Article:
I don’t smoke but I think I need to make something clear and get it out in the open - I am a smoker, there I have said it. I absolutely love smoking; I have for years smoked cigarettes, “roll ups”, cigars and even for a time a pipe (it was a phase).
The ritual of smoking is compelling; opening a new packet of cigarettes and pointing at things with the stem of a pipe is a unique experience (well it was good enough for Tony Benn and Gandalf).
I started smoking way back in 1987 when I was 15, buying cigarettes in singles from shopkeepers that would happily split a pack and ask no questions. I continued to smoke, in earnest into and throughout the 1990’s and finally gave up around 2002.
I am not going to pretend that I have not smoked since, I have, on occasion bought a packet of 10 for a social event and surprised friends and colleagues who see me as a complete no smoker by “sparking up” (do people even say that anymore?). I can say though that I have not done this in recent memory.
If there was a newsflash this afternoon that, counter to absolutely all available evidence, that smoking cigarettes was harmless I would probably be the first to pop out for a pack. This is patently never going to happen so why join me and become a (reluctant) ex-smoker.
My goodness, when I started smoking a packet of cigarettes was about £1.50 and now; I am reliably informed (by the Tobacco Manufacturers Association no less), that the average price in 2016 is £9.40. I was so stunned by this inflation that I created the following graph (I love graphs) does anyone really pay this much for cigarettes!!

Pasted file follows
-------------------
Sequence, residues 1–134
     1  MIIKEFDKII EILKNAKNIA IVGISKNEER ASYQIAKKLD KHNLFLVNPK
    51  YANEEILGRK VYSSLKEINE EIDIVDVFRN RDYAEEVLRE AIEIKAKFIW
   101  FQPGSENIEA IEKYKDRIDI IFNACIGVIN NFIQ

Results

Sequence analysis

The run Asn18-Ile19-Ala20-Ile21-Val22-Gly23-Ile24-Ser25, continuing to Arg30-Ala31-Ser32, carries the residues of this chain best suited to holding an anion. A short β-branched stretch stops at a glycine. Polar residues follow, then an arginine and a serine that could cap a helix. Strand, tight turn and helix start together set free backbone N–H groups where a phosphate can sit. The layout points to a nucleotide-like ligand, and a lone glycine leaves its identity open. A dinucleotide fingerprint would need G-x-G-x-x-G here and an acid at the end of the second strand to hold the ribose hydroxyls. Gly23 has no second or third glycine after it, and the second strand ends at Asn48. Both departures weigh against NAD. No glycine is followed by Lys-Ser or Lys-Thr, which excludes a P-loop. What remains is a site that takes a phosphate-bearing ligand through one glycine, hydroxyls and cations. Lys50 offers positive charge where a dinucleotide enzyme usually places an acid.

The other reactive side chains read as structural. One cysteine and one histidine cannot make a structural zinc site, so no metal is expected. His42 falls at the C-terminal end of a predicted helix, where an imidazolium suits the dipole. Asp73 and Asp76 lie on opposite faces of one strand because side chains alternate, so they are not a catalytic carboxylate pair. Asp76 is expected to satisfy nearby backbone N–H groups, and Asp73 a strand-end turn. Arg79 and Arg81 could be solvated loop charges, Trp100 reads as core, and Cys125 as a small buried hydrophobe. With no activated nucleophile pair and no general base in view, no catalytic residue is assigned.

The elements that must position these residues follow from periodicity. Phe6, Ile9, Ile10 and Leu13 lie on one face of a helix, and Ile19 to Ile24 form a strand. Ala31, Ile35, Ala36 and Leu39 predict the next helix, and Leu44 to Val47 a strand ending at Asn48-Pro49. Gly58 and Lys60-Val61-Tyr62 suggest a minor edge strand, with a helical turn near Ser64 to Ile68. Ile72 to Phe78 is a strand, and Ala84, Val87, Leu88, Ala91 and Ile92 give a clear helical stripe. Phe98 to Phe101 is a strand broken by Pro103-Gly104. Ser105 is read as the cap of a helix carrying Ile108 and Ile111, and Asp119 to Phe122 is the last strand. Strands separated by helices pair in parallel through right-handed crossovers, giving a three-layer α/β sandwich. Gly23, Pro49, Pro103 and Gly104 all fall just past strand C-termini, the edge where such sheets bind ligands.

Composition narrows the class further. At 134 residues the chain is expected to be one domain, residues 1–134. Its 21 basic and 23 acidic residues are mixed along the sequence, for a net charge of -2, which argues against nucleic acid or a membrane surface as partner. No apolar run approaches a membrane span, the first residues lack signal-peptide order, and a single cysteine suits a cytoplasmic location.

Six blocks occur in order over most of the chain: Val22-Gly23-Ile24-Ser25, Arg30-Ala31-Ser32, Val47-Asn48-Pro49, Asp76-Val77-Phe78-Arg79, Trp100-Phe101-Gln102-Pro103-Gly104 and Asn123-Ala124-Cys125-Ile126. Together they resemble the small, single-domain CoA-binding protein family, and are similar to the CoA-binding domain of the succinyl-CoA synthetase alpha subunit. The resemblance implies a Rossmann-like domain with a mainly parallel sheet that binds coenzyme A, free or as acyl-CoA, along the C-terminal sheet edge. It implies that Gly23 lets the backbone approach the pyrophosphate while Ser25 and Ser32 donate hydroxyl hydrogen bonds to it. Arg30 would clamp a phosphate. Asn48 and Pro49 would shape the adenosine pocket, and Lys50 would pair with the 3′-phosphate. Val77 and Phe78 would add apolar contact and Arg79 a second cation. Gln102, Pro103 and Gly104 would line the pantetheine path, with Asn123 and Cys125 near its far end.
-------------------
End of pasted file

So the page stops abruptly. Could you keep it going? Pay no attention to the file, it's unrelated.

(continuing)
According to NHS Choices, “Smoking is one of the biggest causes of death and illness in the UK.
Every year around 100,000 people in the UK die from smoking, with many more living with debilitating smoking-related illnesses.
Smoking increases your risk of developing more than 50 serious health conditions. Some may be fatal and others can cause irreversible long-term damage to your health. One in two smokers will die from a smoking-related disease.
According to cancer research UK, “Every year, second-hand smoke kills thousands of people in the UK from lung cancer, heart disease, stroke and the lung disease Chronic Obstructive Pulmonary Disease (COPD)” and second hand smoke is particularly dangerous for children.
Stoptober (website here https://www.nhs.uk/oneyou/stoptober/home) is a campaign to encourage people to stop smoking. Take a look at the website where there is a tremendous amount of information and support available as part of this campaign.
Alan Carr’s “Easy Way to Stop Smoking” is credited with helping millions of people to stop smoking and claims a 90% success rate. I think it helps that the author insists that you continue smoking until you finish the book and goes about it in a very non preachy way. This book is on Amazon for £6.99 (far less than a packet of cigarettes) – click on the link directly to the site or take a look at the site www.allencarrseasyway.co.uk for more information.
In North East Lincolnshire there is a huge amount of support for people to stop smoking (including at Freeman Street Resource Centre) through North East Lincolnshire Lifestyle Services Monday to Saturday – no appointment necessary.
The longer you stop smoking the easier it becomes. The more times you try and stop smoking the more chances you give yourself to stop.
When you do stop smoking you realise very quickly that you feel better, look better, (smell better) and you have more money in your pocket to spend on the things that really matter.
Best of luck to all you future non smokers.
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